In an article for Future Banking magazine, Samuel Brandstätter, CEO and founder of avedos, explores the challenges facing the industry today and how banks can embark on the path to agile business models – with integrated GRC.
The ongoing digitalization, continued spread of blockchain, growing number of fintech startups and intensifying regulatory pressure are just a few of the challenges that are forcing banks to change their existing business models and processes. In the past, banks were the only mediator between parties that transfer values. Today, however, there are new players emerging quickly on the market and taking over the job of banks. To withstand this development, banks will need to be faster and more agile.
How can banks adapt to the changing requirements in this environment?
1. Keep it simple:
Traditional banks have undergone many different technological developments and, in doing so, collected a vast legacy of technology. This has led to rigid structures that lack transparency and cannot be broken down and modified in a short period of time. A fintech start-up, in contrast, has the possibility to define processes in advance and begin with significantly less “baggage” weighing it down. Furthermore, it is able to focus on one specific, oftentimes highly profitable aspect of the banking business. Banks are confronted with these competitors and are searching for solutions to address this challenge head on. It is extremely important for them to make wise, careful decisions regarding the areas that require change to increase agility.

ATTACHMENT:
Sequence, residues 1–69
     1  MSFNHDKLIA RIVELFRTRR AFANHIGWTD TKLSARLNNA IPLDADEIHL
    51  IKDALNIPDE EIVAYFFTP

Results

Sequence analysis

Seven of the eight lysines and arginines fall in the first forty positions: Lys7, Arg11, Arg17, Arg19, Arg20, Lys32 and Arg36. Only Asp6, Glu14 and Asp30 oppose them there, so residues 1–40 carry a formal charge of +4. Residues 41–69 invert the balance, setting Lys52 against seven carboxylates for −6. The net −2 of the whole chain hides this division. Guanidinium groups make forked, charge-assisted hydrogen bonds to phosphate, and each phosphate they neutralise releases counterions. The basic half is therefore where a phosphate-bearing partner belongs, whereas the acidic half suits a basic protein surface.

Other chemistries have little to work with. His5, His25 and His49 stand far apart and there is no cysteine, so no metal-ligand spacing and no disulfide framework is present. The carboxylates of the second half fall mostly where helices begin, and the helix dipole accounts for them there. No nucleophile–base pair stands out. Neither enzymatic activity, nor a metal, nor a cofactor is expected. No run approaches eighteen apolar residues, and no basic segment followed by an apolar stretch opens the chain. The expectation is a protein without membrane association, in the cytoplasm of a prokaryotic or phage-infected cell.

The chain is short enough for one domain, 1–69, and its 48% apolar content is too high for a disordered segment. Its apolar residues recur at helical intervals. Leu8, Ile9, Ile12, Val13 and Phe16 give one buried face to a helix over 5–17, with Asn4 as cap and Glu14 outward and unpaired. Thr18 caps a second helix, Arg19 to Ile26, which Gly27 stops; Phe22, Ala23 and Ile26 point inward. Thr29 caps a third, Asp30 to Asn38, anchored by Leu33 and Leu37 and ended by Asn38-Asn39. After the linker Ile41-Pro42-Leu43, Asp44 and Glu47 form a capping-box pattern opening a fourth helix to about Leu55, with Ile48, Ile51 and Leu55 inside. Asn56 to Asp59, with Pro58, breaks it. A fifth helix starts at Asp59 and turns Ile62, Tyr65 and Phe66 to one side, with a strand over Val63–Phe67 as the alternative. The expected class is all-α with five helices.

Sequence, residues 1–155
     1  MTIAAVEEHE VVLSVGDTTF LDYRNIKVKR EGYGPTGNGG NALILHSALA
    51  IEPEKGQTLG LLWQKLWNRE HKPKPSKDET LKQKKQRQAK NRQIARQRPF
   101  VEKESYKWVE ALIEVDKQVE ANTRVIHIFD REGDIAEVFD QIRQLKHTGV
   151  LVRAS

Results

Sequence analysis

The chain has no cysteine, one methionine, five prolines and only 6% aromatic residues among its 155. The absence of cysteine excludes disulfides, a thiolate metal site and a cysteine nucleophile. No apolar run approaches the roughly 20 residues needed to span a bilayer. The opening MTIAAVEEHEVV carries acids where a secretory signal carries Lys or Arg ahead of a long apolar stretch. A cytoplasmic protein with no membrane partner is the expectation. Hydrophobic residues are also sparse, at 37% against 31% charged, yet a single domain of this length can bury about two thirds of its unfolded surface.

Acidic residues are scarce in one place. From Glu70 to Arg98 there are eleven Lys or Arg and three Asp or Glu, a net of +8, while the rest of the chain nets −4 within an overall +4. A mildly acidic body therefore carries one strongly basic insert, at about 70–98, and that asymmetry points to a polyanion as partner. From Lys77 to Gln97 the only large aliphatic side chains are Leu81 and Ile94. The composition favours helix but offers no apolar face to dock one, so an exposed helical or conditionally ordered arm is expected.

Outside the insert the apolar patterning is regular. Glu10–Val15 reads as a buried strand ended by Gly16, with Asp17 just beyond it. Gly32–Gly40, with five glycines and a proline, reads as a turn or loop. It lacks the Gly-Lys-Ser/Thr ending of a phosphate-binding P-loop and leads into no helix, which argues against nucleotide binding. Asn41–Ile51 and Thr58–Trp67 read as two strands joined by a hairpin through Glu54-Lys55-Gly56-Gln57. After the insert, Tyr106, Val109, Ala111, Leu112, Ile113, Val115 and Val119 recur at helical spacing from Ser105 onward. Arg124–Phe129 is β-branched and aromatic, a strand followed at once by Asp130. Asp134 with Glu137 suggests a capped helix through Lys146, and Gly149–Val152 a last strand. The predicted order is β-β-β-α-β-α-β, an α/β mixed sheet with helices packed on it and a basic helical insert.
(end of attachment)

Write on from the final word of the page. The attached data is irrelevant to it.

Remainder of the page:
2. Generate rapid change:
One area that has enormous potential for optimization and, therefore, deserves closer attention is the management systems used by banks. These systems, which have barely changed over the years, and are slowing down processes and hampering agility. Management processes that were introduced to meet regulatory requirements often fulfill that exact purpose – yet only that one. The different management systems are frequently not linked with each other and the information cannot be consolidated. Much of that information is also required in several management systems and, therefore, queried and processed in the systems multiple times. This leads to unnecessary, duplicate work that wastes resources and slows down processes. The data is available in the different systems but it cannot be linked together in a useful manner to provide the information needed to make the right decisions.
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